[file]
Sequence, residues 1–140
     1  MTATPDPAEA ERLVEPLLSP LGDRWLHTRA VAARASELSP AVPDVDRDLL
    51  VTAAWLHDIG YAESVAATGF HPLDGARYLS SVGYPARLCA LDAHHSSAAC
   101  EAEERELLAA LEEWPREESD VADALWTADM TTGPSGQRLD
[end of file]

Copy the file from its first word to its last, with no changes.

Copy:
Sequence, residues 1–140
     1  MTATPDPAEA ERLVEPLLSP LGDRWLHTRA VAARASELSP AVPDVDRDLL
    51  VTAAWLHDIG YAESVAATGF HPLDGARYLS SVGYPARLCA LDAHHSSAAC
   101  EAEERELLAA LEEWPREESD VADALWTADM TTGPSGQRLD